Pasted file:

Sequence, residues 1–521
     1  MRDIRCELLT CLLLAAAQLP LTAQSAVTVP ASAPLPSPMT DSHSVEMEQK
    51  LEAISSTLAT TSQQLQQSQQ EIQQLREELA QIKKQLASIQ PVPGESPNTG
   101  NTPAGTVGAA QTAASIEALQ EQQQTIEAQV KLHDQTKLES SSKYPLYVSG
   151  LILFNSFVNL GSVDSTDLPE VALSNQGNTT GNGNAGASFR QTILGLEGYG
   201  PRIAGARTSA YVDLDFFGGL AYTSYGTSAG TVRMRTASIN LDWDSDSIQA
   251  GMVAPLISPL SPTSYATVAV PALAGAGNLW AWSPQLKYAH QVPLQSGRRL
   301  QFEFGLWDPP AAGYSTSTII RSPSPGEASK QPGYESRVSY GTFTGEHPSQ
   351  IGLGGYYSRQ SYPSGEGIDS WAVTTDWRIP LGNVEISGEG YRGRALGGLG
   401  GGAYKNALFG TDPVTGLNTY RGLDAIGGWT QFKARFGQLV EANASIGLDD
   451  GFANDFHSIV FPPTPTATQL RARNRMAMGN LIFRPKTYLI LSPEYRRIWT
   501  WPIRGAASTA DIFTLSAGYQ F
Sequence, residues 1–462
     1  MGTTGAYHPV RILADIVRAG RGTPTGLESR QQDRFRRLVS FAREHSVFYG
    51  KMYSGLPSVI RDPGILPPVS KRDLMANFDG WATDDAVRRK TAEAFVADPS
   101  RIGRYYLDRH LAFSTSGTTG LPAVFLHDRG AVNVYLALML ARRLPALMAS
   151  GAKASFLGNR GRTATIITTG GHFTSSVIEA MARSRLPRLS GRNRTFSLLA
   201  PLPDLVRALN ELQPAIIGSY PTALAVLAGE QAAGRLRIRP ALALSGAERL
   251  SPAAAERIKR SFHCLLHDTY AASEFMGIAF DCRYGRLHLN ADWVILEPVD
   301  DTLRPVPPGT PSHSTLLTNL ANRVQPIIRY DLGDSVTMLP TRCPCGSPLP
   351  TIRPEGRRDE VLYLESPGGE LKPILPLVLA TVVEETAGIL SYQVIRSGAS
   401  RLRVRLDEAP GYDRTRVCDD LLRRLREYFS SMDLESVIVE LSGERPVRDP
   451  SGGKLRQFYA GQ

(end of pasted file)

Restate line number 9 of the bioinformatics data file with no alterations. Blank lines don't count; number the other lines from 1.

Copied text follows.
   351  IGLGGYYSRQ SYPSGEGIDS WAVTTDWRIP LGNVEISGEG YRGRALGGLG